Scott's initial meet-cute with Ramona is excruciatingly awkward, which offers the audience a moment of true hilarity and forces us to empathize with Scott's predicament.
Once again, we're left wondering how these two can possibly connect — in this case, given the fact that one is interested and the other is clearly not.
The great thing about this type of meet-cute is that multiple types of characters can be thrown into this situation. All that it entails is an interested one that pursues an uninterested other.
4. Neutral/Nervous Meet-Cute
The Neutral/Nervous type of meet-cute isn't as utilized as often as the above three, but it offers a perfect mixture of hilarity and sweetness.
One character is utterly nervous during the first meet-up, while the other is rather neutral to the situation at hand.
In Eternal Sunshine of the Spotless Mind, Joel and Clementine are perfect examples of Neutral vs. Nervous. Joel is the nervous one. He's quite the introvert at first sight, whereas Clementine is neutral to the moment, while at the same time being somewhat of an extrovert.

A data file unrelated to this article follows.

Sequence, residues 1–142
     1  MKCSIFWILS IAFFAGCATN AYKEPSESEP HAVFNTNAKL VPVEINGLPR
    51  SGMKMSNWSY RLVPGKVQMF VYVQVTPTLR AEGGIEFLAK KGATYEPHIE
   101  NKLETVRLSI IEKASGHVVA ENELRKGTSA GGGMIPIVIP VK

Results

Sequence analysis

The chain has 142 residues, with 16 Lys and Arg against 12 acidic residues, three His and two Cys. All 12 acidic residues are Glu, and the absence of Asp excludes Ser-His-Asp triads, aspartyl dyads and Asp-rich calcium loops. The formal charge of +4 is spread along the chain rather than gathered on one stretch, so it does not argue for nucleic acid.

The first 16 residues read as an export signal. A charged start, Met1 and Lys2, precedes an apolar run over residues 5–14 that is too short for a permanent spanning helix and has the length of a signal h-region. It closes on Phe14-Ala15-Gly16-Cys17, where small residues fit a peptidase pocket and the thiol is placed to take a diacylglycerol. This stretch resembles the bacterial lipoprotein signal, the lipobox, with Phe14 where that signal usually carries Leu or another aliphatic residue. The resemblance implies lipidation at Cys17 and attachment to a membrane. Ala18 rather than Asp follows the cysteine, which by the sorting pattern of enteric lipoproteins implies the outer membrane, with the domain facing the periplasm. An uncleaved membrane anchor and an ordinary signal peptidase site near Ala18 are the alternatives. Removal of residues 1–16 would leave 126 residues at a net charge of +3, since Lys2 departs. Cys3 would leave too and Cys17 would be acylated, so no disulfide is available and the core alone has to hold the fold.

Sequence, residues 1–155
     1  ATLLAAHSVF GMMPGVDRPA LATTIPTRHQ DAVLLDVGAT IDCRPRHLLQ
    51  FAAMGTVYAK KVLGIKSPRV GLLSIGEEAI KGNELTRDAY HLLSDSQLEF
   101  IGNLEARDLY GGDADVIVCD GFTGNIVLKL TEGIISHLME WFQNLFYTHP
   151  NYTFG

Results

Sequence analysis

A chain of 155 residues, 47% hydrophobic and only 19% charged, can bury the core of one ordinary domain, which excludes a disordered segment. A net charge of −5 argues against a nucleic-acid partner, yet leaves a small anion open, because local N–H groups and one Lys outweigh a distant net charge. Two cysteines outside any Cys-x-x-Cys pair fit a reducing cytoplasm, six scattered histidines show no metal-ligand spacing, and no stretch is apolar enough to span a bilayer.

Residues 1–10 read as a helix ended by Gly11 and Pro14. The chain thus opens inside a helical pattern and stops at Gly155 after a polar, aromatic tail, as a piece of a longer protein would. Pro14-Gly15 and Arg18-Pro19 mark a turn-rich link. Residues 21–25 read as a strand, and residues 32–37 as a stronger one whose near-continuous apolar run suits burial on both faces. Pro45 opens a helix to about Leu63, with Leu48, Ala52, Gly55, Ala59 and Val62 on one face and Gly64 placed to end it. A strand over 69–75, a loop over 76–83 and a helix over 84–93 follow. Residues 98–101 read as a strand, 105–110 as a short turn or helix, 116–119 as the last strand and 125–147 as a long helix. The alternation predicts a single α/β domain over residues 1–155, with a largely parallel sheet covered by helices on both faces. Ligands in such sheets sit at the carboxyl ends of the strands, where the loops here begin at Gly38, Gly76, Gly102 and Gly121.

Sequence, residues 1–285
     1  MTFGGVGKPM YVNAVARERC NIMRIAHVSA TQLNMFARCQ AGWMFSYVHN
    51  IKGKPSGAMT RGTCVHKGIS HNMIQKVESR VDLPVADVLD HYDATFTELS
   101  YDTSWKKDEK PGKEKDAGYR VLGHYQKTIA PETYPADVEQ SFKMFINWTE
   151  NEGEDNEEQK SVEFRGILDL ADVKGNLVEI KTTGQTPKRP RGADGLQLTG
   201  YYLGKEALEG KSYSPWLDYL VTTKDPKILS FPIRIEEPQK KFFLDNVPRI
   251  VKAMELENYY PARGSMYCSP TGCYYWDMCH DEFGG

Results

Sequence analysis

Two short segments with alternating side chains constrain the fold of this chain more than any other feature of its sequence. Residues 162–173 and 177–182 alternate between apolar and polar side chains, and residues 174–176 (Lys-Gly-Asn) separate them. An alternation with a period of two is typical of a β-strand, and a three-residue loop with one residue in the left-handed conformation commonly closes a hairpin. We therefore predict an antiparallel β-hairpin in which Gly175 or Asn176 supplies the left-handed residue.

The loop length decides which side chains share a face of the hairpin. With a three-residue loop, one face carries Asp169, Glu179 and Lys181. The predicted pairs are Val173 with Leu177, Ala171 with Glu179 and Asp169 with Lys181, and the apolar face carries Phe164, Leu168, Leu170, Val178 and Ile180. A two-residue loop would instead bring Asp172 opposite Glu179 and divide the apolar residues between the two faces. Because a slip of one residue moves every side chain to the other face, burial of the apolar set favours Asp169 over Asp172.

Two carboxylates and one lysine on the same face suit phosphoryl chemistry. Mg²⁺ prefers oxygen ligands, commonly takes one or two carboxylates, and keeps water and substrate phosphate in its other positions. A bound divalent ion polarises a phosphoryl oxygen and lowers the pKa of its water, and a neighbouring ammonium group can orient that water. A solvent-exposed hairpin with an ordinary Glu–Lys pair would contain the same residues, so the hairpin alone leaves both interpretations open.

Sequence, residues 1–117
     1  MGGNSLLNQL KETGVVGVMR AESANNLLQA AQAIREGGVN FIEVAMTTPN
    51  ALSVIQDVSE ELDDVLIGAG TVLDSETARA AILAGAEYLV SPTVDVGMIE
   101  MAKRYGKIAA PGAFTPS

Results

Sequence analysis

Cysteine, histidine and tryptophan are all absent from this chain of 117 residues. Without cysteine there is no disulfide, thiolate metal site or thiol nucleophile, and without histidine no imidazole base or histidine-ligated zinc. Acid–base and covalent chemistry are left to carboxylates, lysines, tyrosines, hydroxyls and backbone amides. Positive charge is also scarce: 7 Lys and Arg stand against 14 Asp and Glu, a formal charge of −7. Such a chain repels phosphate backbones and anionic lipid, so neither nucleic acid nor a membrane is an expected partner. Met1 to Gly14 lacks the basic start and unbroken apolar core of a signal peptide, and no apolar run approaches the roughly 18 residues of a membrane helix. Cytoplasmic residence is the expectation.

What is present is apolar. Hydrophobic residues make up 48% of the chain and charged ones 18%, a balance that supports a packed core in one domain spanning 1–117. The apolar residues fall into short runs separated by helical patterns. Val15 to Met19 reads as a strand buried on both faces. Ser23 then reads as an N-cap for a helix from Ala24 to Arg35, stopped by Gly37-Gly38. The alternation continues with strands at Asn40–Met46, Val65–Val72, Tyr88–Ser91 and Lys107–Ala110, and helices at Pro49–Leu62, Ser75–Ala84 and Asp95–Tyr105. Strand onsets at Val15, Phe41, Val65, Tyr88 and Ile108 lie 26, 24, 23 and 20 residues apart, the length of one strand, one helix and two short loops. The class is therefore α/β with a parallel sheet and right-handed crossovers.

When you have one character that is completely comfortable in the situation across from another that is clearly nervous within it, there's instant conflict. And that conflict doesn't always have to be negative. In the case of the above scene, it's playful. Because she's an extrovert, she's neutral to the conflict. She doesn't see the big deal with their interaction. Joel, however, is uncomfortable throughout because he doesn't know how to react to her instant openness.
Read ScreenCraft's 5 Ways to Bring Back the Romantic Comedy!
Meet-cutes aren't just insignificant moments meant for laughs or romance. They are the launching pads of your romantic stories. They dictate story arcs, character arcs, and characterizations between the two leads.
So choose your meet-cutes wisely.
Watch the whole video below for more elaboration and detail. Read the original post and check out Studio Binder as well.
Ken Miyamoto has worked in the film industry for nearly two decades, most notably as a studio liaison for Sony Studios and then as a script reader and story analyst for Sony Pictures.
He has many studio meetings under his belt as a produced screenwriter, meeting with the likes of Sony, Dreamworks, Universal, Disney, Warner Brothers, as well as many production and management companies. He has had a previous development deal with Lionsgate, as well as multiple writing assignments, including the produced miniseries Blackout, starring Anne Heche, Sean Patrick Flanery, Billy Zane, James Brolin, Haylie Duff, Brian Bloom, Eric La Salle, and Bruce Boxleitner. Follow Ken on Twitter @KenMovies